System messages fall into one of three categories: System Common, System Real Time, and System Exclusive (SysEx). They do not include channel numbers and are intended to address all devices in a system.
System Common and System Real Time Messages
There are only a few system common messages . Those deal primarily with instrument's on-board sequencers or drum machines, which may have pre-recorded MIDI sequences. System common messages have both a status byte beginning with 11110001 (240) and one or more data bytes.
A song position pointer is a register that holds the number of MIDI beats since the start of a song (sequence). Other system common messages select which song to play and also a 'tune request' for analog synthesizers to tune their oscillators (those were the days...). Because of the potentially large number of beats, the song position pointer uses two data bytes for a 14-bit message, similar to Pitch Bend.
System real time messages include a timing clock, which sends 24 'clocks' per quarter note (note that this depends on the tempo setting and so is 'relative' time). Timing clocks of an instrument's internal sequencer can also control the rates of LFO's and other patch parameters (for example, on the Kurzweil K2xxx series, if the clock source is left on internal, the A Clock and B Clock parameters will use the sequencer tempo).
Real time messages can also send a START and STOP messages to an on-board sequencer. "Active sensing" was an optional message that sent a status byte every 300 ms. when there was no other MIDI activity. More recent instruments seem to have dropped this, but the Yamaha DX7 sends active sensing which is recorded on our sequencing software if not input filtered out, making for larger files. The last real time message is a system reset, which should return the condition of the receiver to the start-up condition. System Real Time messages begin with 11111000 (248) and have no data bytes.
Below is a chart of the implemented system common and system real time messages.
|Status Byte||Data Byte 1||Data Byte 2||Description|
|11110010||0lllllll||0hhhhhhh||Song Position Pointer (l=least significant bit, h=most significant bit)|
|11110011||0sssssss||Song Select (s=song number)|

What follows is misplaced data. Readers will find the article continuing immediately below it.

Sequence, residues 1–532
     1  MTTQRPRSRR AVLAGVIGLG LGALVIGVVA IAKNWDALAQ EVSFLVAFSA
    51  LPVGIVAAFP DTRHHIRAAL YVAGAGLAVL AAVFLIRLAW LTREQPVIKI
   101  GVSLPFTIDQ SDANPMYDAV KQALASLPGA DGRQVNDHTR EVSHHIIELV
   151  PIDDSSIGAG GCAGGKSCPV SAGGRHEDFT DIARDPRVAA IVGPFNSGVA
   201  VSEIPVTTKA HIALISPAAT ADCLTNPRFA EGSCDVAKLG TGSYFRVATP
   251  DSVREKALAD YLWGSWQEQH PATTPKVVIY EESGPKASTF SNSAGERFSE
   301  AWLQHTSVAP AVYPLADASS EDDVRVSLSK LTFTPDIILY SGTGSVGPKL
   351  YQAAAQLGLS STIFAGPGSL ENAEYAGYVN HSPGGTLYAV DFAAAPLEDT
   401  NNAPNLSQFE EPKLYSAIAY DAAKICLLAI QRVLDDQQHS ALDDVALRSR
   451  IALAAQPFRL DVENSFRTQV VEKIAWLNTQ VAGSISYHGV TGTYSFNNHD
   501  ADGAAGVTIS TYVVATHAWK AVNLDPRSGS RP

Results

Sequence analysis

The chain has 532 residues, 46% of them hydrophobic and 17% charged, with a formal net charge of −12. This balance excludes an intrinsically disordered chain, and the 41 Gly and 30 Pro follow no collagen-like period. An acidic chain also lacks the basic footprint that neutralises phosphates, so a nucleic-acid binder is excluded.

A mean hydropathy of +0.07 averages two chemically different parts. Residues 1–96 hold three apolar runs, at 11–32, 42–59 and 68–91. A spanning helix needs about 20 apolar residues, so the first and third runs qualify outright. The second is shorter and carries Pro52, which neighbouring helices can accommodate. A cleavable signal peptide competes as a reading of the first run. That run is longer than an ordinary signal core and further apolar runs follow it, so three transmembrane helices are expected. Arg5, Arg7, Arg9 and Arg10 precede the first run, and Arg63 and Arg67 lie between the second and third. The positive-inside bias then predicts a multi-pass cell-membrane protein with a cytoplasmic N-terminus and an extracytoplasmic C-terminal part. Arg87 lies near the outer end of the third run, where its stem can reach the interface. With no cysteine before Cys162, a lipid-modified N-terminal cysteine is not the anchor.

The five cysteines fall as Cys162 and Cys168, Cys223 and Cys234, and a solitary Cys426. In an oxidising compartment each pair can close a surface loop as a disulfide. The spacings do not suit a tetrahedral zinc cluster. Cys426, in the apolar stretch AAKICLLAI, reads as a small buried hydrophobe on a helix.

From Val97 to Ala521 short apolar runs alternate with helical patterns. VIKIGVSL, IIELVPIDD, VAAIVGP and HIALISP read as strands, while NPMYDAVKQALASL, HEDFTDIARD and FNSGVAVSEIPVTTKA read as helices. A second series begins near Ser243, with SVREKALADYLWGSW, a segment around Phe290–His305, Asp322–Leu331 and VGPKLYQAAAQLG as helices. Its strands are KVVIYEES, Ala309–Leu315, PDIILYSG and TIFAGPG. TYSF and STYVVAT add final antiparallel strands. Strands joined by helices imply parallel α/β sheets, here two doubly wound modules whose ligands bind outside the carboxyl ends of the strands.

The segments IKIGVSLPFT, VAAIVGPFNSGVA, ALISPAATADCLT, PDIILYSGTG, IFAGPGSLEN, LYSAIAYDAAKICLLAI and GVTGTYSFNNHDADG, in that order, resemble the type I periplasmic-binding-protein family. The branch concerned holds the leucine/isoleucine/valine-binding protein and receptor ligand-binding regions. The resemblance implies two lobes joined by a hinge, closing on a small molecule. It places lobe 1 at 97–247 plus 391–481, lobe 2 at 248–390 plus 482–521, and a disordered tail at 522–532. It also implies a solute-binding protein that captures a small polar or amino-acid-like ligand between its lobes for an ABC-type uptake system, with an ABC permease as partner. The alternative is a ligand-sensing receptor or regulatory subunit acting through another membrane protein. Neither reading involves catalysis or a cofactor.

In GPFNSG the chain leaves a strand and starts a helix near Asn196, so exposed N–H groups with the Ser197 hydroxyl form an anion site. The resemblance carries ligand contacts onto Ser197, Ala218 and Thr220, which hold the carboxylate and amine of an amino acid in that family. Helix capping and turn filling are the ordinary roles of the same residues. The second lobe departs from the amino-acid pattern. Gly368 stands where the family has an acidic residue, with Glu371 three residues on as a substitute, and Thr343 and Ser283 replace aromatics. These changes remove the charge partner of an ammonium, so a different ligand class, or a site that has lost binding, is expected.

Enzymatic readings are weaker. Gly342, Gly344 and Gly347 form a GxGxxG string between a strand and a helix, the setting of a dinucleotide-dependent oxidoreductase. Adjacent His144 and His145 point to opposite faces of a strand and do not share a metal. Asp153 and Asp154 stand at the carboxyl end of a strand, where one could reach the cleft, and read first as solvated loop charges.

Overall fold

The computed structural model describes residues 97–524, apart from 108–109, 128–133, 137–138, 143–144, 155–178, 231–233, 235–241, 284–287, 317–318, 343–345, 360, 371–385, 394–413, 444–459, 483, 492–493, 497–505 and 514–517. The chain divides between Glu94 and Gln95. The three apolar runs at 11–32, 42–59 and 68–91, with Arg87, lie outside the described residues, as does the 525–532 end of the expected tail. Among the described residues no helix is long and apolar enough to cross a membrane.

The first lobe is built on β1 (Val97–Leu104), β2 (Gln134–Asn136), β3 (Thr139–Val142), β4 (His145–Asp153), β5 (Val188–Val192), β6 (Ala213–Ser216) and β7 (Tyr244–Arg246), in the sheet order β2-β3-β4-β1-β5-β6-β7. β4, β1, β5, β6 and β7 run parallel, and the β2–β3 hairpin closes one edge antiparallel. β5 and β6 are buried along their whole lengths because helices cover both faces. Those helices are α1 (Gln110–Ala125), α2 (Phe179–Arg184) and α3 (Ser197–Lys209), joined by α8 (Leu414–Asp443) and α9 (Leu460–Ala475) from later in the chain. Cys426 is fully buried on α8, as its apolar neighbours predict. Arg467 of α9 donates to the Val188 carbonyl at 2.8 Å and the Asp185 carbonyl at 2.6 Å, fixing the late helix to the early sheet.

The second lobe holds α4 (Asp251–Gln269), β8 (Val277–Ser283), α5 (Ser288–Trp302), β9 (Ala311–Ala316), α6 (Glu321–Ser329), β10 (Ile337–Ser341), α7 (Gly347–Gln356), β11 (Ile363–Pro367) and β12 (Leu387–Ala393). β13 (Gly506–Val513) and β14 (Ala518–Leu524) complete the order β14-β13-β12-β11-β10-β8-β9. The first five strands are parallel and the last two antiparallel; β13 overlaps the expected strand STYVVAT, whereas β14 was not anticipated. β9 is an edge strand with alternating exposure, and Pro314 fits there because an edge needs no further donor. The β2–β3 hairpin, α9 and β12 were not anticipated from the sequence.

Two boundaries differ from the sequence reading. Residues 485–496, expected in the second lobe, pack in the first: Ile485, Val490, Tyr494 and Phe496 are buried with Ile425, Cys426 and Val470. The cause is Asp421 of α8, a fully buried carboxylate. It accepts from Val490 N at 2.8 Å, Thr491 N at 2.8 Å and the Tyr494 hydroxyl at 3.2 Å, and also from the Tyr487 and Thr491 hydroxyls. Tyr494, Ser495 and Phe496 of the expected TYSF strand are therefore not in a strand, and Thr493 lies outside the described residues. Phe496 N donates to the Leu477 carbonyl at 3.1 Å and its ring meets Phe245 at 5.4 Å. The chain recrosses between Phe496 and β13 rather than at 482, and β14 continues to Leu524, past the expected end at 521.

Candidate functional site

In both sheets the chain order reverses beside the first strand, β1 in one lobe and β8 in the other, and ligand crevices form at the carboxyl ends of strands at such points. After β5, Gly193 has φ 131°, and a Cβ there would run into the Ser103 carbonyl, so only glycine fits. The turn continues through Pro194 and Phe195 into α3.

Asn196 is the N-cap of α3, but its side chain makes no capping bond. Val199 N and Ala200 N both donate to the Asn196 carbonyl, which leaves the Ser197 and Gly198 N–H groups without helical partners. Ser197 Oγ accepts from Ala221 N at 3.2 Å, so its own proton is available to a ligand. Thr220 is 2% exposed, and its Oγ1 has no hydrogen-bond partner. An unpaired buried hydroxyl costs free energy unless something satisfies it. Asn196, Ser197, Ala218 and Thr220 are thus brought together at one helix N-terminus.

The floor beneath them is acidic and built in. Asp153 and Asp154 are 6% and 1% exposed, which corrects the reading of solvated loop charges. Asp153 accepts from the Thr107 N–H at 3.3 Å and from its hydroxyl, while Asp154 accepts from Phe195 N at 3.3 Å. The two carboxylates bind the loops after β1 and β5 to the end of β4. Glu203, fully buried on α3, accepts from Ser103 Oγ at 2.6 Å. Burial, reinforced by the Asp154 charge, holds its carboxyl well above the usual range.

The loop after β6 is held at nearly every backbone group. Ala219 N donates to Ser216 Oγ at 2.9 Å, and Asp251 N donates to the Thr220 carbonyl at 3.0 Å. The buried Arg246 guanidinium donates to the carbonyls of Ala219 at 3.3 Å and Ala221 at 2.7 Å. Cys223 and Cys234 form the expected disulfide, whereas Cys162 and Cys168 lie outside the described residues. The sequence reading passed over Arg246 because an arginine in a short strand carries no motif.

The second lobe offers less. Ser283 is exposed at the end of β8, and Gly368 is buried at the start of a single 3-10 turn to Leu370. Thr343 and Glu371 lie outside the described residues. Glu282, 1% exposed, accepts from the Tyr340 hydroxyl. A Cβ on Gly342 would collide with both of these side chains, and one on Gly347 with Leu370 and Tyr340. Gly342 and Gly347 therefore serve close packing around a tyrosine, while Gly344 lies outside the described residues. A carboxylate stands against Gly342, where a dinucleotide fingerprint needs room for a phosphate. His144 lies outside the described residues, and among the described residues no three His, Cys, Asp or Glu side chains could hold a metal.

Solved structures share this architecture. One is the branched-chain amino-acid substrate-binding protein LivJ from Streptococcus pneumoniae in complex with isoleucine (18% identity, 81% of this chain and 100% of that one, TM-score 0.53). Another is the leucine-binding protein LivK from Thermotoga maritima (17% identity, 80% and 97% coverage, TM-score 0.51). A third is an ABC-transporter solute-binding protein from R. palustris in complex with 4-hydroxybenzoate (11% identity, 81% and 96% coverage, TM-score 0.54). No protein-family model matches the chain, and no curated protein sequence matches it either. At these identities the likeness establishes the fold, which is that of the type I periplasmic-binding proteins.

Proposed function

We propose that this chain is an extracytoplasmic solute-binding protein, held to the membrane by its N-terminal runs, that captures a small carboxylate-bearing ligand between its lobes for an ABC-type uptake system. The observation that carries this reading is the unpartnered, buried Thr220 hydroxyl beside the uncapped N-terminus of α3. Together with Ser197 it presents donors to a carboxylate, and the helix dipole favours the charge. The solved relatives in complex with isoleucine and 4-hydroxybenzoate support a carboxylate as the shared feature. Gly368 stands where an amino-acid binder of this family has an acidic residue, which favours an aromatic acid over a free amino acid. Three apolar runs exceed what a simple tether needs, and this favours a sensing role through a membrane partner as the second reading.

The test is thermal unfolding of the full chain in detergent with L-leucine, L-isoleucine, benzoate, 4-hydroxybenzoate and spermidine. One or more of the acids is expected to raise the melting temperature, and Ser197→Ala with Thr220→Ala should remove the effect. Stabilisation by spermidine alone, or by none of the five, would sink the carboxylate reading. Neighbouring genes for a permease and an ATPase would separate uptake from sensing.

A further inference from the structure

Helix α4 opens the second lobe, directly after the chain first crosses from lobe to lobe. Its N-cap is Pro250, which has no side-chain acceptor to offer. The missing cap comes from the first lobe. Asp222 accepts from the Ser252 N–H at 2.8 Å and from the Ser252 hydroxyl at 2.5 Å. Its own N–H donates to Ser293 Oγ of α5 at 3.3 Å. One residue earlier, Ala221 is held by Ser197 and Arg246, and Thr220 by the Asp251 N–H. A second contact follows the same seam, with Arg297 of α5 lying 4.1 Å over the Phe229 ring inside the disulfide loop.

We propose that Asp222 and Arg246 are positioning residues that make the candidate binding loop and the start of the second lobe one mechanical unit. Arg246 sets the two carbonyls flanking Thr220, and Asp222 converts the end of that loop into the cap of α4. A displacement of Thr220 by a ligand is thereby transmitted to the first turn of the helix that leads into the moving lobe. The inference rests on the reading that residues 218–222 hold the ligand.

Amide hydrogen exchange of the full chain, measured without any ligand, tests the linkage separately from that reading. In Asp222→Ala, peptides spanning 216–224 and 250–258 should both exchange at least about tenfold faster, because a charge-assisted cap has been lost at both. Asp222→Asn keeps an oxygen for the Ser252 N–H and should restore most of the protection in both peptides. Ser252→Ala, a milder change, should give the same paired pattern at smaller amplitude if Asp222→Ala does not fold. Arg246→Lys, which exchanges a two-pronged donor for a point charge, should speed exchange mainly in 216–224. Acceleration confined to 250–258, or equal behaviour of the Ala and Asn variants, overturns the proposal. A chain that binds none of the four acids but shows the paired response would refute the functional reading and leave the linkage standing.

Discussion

|11110111||none||EOX (end of system exclusive message)|
|System Real Time|
System Exclusive Messages
System Exclusive (or simply SysEx) messages expanded the functionality of MIDI in many ways. At first, this code class was used primarily for editor/librarian functions. Large patch banks could be stored on a computer through SysEx codes and then sent back into the instrument when necessary. Certain instruments, such as the Yamaha TX816 had no internal patches of their own and consequently depended on SysEx patch dumps to change their programming. In addition, once these large patch sets were in the computer, the editor part of the editor/librarian could make changes to the programs before sending them back into the instrument. Eventually, manipulating the patch parameters with SysEx in real time directly on the instrument also became possible. The now-defunct Opcode company made several editors, including a universal one that could edit many different instruments (called Galaxy), as did Mark of the Unicorn with Unisyn. Believe it or not, there are now editor/librarian mobile apps available now that edit vintage instruments. MIDI Quest, for example, currently edits and stores patches for over 700 instruments on an iPad!
Opcode DX7 Editor/Librarian
But the internal structure of a Yamaha DX7 was different than a Roland Juno. Sending a DX7 patch to a Juno would be useless. So instruments manufacturers would register with the MIDI Manufacturers Association and be given and 'exclusive' number or SysEx ID that would identify their manufacturer and their specific instruments that these SysEx messages were intended for (ID #1 went to Sequential Circuits).
A System Exclusive code set begins with 11110000 (240 decimal or F0 hex), followed by the manufacturer ID#, then by an unspecified number of data bytes of any ranges from 0-127) and ends with 11110111 (decimal 247 or F7 hex), meaning End of SysEx message (EOX). No other codes are to be transmitted during a SysEx message (except a system real time message). Normally, after the manufacturer ID, each maker will have its own instrument model subcode, so a Yamaha DX7 will ignore a Yamaha SY77's patch dump. In addition, most instruments have a SysEx ID # separate from the Basic MIDI Channel setting so more than one of the same instruments can be on a network but not necessarily respond to a patch dump not intended for it.